Political leaders with different styles — U.S. Rep. Cantor, Colorado Gov. Hickenlooper

By Maria Saporta

What a study in contrasts.

The Atlanta Press Club hosted U.S. House Majority Leader Eric Cantor at an early afternoon session on Friday at the Commerce Club. Cantor, a super serious legislator, talked about the multiple challenges facing the nation.

Over and over again, Cantor made the point that the House Republicans have been proposing solutions, but that neither the Democratic legislators or President Barack Obama’s administration had presented any detailed plans — be it on Medicare, Medicaid or other major policy issues.

Asked whether a spirit of bipartisanship could emerge to solve the nation’s debt crisis, Cantor spoke about the latest “Biden Commission” that includes Democrats and Republicans as well as senators and representatives. Cantor is serving on that commission, and he said: “everything is on the table.”

But then Cantor went on to say that House Republicans would stand fast on certain issues — such as raising the nation’s debt ceiling.

“You can’t raise the debt ceiling until you prove you change the trajectory,” Cantor said. “We will not come to an agreement unless everything is on the table and agree to entitlement reforms.”

Cantor displayed no sense of humor or even a aura of relaxed comfort during the meeting with local journalists and political leaders. Instead he was all business — portraying a hardnosed political leader who did little to connect with the audience on a human level.

Moments later, just up the street, Colorado Gov. John Hickenlooper was the guest speaker at a reception hosted by McKenna Long Aldridge. Previously, Hickenlooper was mayor of Denver — elected in 2003 and 2007; a position he held until just a few hours before he was inaugurated governor.

Hickenlooper, a Democrat, said that when he first ran for mayor, he was determined to run a non-partisan campaign with no attack ads or negative campaigns. As mayor, he built relationships with Democrats and Republicans and built a bridge between Denver and the surrounding counties.

He’s taking the same attitude to state capitol. Colorado has a Republican House and Democratic Senate, so working across party lines is essential. Despite having severe budget issues, Hickenlooper said that 75 percent of the legislators passed a budget — making no news like the meltdown that occurred in Wisconsin and in other states.

Hickenlooper could not have been more relaxed or at ease. He was able to laugh at himself, make a few jokes and connect with local leaders at the reception. The governor was in town to help metro Atlantans better understand how to pass a regional transportation sales tax next year.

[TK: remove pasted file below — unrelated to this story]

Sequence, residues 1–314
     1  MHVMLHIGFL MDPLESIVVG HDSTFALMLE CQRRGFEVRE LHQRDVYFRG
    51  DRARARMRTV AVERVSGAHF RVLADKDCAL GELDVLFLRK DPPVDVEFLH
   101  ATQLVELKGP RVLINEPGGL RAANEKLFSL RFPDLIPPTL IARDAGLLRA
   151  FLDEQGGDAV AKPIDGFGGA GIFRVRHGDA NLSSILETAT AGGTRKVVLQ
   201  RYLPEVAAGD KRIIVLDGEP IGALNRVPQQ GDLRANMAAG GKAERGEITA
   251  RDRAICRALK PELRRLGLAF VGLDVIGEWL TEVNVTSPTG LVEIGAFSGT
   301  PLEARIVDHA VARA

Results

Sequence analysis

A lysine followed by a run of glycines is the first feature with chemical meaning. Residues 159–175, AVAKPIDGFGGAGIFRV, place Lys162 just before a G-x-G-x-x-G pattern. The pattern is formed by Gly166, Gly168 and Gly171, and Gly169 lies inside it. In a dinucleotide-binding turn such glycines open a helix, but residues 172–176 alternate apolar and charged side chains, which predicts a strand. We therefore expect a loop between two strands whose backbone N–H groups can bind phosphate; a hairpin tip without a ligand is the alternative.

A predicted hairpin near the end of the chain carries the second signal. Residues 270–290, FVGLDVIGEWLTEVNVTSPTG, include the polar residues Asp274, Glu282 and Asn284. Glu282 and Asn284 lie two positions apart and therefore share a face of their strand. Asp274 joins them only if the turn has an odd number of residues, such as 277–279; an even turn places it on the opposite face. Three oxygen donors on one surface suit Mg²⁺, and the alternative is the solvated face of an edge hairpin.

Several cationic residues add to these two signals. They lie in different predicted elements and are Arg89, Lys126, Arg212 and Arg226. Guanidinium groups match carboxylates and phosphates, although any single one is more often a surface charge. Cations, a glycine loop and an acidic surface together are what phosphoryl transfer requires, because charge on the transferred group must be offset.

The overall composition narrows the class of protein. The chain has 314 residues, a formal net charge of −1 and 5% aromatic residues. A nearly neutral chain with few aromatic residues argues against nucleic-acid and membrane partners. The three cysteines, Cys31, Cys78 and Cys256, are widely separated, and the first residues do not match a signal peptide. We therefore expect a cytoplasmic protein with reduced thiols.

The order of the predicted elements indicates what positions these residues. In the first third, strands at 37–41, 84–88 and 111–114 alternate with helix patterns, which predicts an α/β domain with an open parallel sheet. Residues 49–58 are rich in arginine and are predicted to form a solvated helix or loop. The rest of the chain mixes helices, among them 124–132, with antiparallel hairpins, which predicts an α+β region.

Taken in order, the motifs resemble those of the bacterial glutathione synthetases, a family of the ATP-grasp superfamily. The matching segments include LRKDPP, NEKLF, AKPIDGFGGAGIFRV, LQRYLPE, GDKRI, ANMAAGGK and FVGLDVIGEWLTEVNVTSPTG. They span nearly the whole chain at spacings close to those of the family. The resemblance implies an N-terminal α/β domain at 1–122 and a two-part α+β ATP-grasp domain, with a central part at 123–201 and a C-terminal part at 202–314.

“You’ve got to find a way to have common ground solutions,” Hickenlooper said. “The biggest trick is convincing the suburbs that a healthy downtown boosts them.”

The opposite is also true —convincing downtown leaders that they prosper when the suburbs are healthy.

Hickenlooper said he had to learn to connect with people when he was a skinny kid who wore glasses and had a problem with acne.

His father gave him some solid advice: “If you can’t talk your way out of a fight, you deserve to get whipped.”

As the McKenna Long reception was coming to a close, partner Keith Mason said that the governor’s flight had been delayed. Gov. Hickenlooper, who had been in the micro-brewery business in Denver, was willing to go across the street to the Max Lager’s Wood-Fired Grill & Brewery on Peachtree Street. Any one who wanted to join the governor and his team was welcome.

So there we went — drinking “pale ale” with Colorado’s governor. The manager of Max Lager’s welcomed Hickenlooper, who obviously is well-known in brewery circles.

Before meeting Gov. Hickenlooper, I visited with his chief of staff, Roxane White, telling her how Cantor never cracked a smile during his Atlanta Press Club talk.

She promised me that Hickenlooper would be a welcome change.

In the end, a secret in politics is understanding a simple idea. With whom would you rather go out and have a beer, White said.

In this case, the choice was simple.

Maria Saporta, Editor, is a longtime Atlanta business, civic and urban affairs journalist with a deep knowledge of our city, our region and state.  Since 2008, she has written a weekly column and news stories for the Atlanta Business Chronicle. Prior to that, she spent 27 years with The Atlanta Journal-Constitution, becoming its business columnist in 1991. Maria received her Master’s degree in urban studies from Georgia State and her Bachelor’s degree in journalism from Boston University. Maria was born in Atlanta to European parents and has two young adult children.

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